I'm A Little Confused. On The One hand I've got a press release that tells me all about interstellar exploration and trips to Alpha Centauri to further man's colonisation of the stars, and on the other I've got a storyline document telling me that all the action in Gametek's Command & Conquer-style resource management game, Dark Colony, takes place on Mars. Of course, I shouldn't be surprised. One of the things I've come to learn as a computer games journalist is that marketing-produced press releases usually bear little or no congruity with the finalised game. Better, I think, to go straight to the horse's mouth, this particular filly being Gametek's own programming team.
"Dark Colony is a futuristic real-time strategy game based on a war between a Grey alien race and human colonists over the planet Mars," they tell me. "You must choose between the Greys' superior genetic technology or the humans' advanced robotics and cybernetics. To claim total victory you must exploit Mars' hidden resources and unlock the dark secrets of its ancient alien race."
In case you're wondering, the word Grey has a capital 'G' because it's now the 'official' name for those long-fingered, large-eyed, stretchy-faced alien beings that have started showing up in every piece of paranoid US television show. They're also the aliens that you face (or control, depending on personal preferences) in Dark Colony.
In fact, while playing the current version of the game, images of Tim Burton's insanely brilliant Mors Attacks! kept springing to mind. The aliens have just the right level of psychotic malevolence about them, as well as sporting a wonderful array of strange organic weaponry.
"One of the main intentions of the game was to provide a graphic punch to the battles," explain the team, "to immerse the player in a far more intense atmosphere than those of other games. We feel confident that Dark Colony's look and feel currently surpasses our competition."
Of course, the competition (namely C&C relied on more than just looking and feeling good. At the core of every strategy game of this ilk is the Al system; Gametek are confident that while their engine doesn't exactly simulate the highest levels of human brain patterns, it's more than capable of putting up a decent challenge while still offering a few nice bonuses.
"It isn't possible to cover everything using our present game mechanics. For example, if you attempted a surprise attack your units would probably be decimated as they turned back to retreat - but it is good enough to mount effective attacks, know when to fight or retreat and do its best to circumvent your forces to obtain its objectives though. Objectives are constantly updated through continual scouting of your troops' positions and so on.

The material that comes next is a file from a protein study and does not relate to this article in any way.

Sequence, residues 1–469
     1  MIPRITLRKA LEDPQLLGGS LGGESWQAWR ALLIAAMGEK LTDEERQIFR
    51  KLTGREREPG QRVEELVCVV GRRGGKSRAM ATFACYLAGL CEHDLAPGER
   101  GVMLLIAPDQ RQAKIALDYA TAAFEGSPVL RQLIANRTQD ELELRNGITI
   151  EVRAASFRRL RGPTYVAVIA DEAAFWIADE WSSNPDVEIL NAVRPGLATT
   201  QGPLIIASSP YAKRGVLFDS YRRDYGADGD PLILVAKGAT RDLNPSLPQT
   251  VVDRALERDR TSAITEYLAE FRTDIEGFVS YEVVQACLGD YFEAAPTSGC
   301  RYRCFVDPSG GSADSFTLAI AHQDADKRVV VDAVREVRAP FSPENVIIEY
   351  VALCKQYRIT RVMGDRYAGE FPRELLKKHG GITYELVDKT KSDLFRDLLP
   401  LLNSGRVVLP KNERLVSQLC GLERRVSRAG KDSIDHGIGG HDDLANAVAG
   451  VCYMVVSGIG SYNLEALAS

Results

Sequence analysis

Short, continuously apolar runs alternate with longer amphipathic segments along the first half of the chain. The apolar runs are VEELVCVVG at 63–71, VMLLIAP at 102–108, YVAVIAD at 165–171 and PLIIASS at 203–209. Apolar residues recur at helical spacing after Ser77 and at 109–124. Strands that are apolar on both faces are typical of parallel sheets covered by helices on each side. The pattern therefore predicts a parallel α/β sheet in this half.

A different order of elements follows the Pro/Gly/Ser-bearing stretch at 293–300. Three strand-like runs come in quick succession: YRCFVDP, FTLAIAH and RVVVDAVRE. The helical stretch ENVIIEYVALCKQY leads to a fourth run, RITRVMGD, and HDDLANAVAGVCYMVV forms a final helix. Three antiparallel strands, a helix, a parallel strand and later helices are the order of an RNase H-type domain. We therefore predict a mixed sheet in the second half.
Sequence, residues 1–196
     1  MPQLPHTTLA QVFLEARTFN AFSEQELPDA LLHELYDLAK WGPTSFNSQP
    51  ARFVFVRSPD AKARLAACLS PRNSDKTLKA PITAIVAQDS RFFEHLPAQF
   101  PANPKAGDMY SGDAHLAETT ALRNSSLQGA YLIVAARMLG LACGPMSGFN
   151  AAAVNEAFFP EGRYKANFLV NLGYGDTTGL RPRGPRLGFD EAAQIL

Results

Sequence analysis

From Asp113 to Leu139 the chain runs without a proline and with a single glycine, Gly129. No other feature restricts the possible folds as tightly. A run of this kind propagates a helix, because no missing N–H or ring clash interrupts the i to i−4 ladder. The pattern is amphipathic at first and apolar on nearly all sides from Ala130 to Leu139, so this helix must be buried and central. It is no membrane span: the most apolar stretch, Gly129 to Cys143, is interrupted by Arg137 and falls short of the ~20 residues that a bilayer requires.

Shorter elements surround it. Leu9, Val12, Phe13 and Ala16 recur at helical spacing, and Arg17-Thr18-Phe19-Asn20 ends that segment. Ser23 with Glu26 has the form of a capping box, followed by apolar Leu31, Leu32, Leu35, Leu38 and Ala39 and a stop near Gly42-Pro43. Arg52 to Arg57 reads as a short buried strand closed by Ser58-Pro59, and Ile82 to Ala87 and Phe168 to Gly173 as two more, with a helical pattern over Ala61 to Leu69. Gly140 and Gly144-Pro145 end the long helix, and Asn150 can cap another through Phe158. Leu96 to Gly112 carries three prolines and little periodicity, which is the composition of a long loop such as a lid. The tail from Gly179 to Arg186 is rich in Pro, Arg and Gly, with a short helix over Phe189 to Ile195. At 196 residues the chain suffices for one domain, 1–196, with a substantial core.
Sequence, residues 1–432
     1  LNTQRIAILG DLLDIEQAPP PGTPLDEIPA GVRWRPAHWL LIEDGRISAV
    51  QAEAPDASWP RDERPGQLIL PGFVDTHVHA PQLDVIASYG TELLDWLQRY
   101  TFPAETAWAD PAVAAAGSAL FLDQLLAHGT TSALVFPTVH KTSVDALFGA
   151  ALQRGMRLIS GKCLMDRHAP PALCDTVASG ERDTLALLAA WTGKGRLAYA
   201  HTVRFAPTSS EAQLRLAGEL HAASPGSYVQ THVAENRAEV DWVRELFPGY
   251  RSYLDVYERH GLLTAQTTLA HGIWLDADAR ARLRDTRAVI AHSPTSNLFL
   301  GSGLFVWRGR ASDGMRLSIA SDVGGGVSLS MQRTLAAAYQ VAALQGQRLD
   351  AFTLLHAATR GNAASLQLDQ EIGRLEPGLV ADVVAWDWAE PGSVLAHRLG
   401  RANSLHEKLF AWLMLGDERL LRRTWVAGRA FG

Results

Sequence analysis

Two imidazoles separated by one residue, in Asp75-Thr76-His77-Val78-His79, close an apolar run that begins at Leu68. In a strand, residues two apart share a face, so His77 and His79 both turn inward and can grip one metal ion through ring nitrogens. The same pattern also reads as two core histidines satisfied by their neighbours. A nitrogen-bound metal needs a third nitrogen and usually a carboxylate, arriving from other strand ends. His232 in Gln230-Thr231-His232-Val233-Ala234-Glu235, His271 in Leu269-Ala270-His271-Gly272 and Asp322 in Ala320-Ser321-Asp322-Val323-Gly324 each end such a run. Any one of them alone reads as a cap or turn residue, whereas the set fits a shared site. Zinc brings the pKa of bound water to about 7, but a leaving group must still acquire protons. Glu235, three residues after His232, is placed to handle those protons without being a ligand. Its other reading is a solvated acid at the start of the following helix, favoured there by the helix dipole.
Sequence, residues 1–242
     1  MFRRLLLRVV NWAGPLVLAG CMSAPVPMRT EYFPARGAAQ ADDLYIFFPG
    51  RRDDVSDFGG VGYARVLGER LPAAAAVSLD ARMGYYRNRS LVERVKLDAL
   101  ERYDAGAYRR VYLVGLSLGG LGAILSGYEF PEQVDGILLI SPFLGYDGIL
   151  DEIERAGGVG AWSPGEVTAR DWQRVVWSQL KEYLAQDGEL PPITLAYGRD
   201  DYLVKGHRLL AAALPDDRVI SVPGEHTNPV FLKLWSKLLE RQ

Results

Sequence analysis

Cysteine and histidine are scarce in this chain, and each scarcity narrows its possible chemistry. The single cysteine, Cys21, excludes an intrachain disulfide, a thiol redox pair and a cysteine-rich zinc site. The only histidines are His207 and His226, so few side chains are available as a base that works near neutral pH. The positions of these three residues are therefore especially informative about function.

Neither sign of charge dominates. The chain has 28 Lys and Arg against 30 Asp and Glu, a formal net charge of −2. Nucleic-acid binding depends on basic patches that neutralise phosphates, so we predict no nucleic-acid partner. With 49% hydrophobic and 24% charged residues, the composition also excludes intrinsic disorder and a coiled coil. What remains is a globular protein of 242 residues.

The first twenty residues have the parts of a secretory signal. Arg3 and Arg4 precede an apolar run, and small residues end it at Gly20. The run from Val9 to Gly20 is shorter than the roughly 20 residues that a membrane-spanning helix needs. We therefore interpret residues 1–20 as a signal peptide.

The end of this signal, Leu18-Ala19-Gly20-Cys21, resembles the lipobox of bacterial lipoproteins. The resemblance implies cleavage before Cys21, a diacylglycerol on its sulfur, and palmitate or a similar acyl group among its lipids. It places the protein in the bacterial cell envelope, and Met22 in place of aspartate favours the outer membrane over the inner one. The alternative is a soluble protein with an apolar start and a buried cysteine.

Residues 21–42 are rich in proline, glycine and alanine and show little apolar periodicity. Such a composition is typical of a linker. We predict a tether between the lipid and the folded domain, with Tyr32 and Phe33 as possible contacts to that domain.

"As well as that, the game features several innovations, including line of sight firing, terrain types in which you can hide units, commanders that affect how well your troops fight and who gain ability and experience from mission to mission. Dynamic resource allocation provide a non-static battlefield, and day and night effects which change each side's abilities on the fly."
In some respects, Dork Colony is similar to El DOS' forthcoming Conquest Earth, although it's fair to say that Gametek's effort has a lighter, more humorous feel to it, in the same way that Mors Attacks! is a lighter version of Independence Day. And we all know which of those two films is better, don't we?
The C&C clones keep coming and what this sci-fi effort offers - by way of compensation for its disregard for originality - is some of the most detailed graphics in a strategy game.
Humans and Grays slug it out for control of Mars' greatest resource, Petra-7, which enables the construction of buildings and fighting units. Erecting buildings is a simple straight forward modular affair, which really has little bearing on the action except to allow construction of new units. Unfortunately, as there are only a few that become available throughout the game, there's a painful lack of variety.
The human hardware looks, well human, while the alien side sports more Giger-esque style machinery. The dissimilarity ends here though, because both sides have units that do exactly the same thing and the differences in performance are only affected by whether it's night or day.
As for the Al, it's noticeably better than other games of this ilk. Units will usually get stuck in and divide themselves up evenly when attacking in force, and fortunately they don't wander off in strange directions when you send them round the battlefield. One infuriating omission though, is the inability to assign keys to teams -which means that you end up moving your army as one disorganised rabble.
While the missions are well put together, they offer nothing over and above what's currently available elsewhere. Furthermore, the differences between the two sides are mainly cosmetic, so there seems to be little difference between the two campaigns. The animation could have been enhanced further for some units and, as the scale leans more towards games like Warcraft2, the highly stylised graphics could be lost on some people. The sound is atmospheric and multiplayer options are fairly standard (stopping short of Internet support), but the whole package has too many bog/sub standard features to race ahead of a crowded pack.
Processor: PC compatible,
OS: Windows 9x, Windows 2000 Windows XP, Vista, Win 7, Win 8, Win 10.
Game Features:Single game mode